The research does seem to indicate that temperamental stability holds for many individuals through the lifespan, yet we know that one’s environment can also have a significant impact. Recall from our discussion on epigenesis or how environmental factors are thought to change gene expression by switching genes on and off. Many cultural and environmental factors can affect one’s temperament, including supportive versus abusive child-rearing, socioeconomic status, stable homes, illnesses, teratogens, etc. Additionally, individuals often choose environments that support their temperament, which in turn further strengthens them (Cain, 2012). In summary, because temperament is genetically driven, genes appear to be the major reason why temperament remains stable into adulthood. In contrast, the environment appears mainly responsible for any change in temperament (Clark & Watson, 1999).
Everybody has their own unique personality; that is, their characteristic manner of thinking, feeling, behaving, and relating to others (John, Robins, & Pervin, 2008). Personality traits refer to these characteristic, routine ways of thinking, feeling, and relating to others. Personality integrates one’s temperament with cultural and environmental influences. Consequently, there are signs or indicators of these traits in childhood, but they become particularly evident when the person is an adult. Personality traits are integral to each person’s sense of self, as they involve what people value, how they think and feel about things, what they like to do, and, basically, what they are like most every day throughout much of their lives.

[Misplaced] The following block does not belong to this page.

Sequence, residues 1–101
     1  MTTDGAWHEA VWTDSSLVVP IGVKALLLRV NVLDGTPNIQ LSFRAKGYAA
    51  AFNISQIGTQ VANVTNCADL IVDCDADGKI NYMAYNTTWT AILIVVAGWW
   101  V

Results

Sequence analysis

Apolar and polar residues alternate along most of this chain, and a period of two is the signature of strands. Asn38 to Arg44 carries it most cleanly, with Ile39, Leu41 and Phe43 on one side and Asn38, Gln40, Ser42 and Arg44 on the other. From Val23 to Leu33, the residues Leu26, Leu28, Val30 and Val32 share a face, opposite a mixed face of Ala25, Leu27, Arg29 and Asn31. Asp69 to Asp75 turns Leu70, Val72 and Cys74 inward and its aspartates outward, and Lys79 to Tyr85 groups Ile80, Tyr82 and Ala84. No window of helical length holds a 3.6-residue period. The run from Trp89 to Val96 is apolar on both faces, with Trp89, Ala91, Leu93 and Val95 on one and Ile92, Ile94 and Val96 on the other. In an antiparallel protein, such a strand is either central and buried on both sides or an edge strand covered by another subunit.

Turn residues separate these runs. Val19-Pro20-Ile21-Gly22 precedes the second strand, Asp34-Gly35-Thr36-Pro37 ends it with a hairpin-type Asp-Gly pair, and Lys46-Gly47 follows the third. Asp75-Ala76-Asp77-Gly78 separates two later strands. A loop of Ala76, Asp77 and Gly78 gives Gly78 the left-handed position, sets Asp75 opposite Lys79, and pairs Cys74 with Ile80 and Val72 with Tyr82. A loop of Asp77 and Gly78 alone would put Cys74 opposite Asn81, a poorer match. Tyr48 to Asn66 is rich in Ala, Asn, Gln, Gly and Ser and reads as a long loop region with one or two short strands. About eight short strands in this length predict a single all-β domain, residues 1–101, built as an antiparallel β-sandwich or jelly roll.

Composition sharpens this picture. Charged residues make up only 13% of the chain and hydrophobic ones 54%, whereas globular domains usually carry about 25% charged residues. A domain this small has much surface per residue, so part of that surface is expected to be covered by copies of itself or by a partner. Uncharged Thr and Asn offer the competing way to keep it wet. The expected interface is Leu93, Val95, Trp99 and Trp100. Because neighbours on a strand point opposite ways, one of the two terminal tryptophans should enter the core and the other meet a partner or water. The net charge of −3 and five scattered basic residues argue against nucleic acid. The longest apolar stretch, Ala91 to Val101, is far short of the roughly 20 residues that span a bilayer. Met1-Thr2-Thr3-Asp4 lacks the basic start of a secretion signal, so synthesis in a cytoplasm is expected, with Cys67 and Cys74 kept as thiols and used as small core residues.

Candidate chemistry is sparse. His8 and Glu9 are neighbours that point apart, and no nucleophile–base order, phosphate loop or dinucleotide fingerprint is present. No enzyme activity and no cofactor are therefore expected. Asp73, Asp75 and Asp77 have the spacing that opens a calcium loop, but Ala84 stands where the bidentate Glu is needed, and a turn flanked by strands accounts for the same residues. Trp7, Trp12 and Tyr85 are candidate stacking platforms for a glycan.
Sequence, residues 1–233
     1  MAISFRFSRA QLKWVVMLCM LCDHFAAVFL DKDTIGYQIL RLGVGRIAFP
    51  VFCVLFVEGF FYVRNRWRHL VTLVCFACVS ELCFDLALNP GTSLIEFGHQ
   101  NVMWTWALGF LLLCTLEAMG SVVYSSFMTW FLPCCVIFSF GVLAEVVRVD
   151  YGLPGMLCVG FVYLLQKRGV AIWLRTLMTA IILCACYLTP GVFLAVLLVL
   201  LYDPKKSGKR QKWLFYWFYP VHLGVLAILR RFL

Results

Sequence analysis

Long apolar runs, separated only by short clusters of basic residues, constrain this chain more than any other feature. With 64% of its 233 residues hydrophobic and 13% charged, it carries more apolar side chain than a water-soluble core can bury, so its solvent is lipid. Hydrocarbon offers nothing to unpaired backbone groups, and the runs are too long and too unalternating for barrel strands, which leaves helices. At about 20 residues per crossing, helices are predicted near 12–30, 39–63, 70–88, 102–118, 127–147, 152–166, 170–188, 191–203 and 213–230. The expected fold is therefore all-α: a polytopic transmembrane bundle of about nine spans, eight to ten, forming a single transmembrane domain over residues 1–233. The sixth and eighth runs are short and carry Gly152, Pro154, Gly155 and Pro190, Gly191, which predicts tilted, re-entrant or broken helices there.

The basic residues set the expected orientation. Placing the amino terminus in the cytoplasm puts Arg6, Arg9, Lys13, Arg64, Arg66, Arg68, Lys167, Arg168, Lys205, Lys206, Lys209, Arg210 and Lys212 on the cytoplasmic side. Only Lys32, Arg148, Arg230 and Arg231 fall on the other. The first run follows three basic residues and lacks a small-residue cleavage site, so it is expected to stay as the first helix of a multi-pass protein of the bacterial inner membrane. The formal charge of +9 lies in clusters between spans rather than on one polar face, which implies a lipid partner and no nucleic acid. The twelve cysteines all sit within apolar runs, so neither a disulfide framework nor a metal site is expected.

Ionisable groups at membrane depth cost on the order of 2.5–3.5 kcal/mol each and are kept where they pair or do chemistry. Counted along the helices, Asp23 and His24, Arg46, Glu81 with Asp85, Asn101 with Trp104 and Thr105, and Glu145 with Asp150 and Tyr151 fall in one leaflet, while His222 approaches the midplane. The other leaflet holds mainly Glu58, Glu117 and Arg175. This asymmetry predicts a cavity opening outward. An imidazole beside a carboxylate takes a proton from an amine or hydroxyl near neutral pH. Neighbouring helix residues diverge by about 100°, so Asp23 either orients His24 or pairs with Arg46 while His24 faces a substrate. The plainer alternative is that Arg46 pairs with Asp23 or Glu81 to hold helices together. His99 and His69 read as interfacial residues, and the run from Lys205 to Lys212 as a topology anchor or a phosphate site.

There are hundreds of different personality traits, and all of these traits can be organized into the broad dimensions referred to as the Five-Factor Model (John, Naumann, & Soto, 2008). These five broad domains include: Openness, Conscientiousness, Extraversion, Agreeableness, and Neuroticism (Think OCEAN to remember). This applies to traits that you may use to describe yourself. Table 7.3 provides illustrative traits for low and high scores on the five domains of this model of personality.
|Dimension||Description||Examples of behaviors predicted by the trait|
|Openness to experience||A general appreciation for art, emotion, adventure, unusual ideas, imagination, curiosity, and variety of experience||Individuals who are highly open to experience and tend to have distinctive and unconventional decorations in their home. They are also likely to have books on a wide variety of topics, a diverse music collection, and works of art on display.|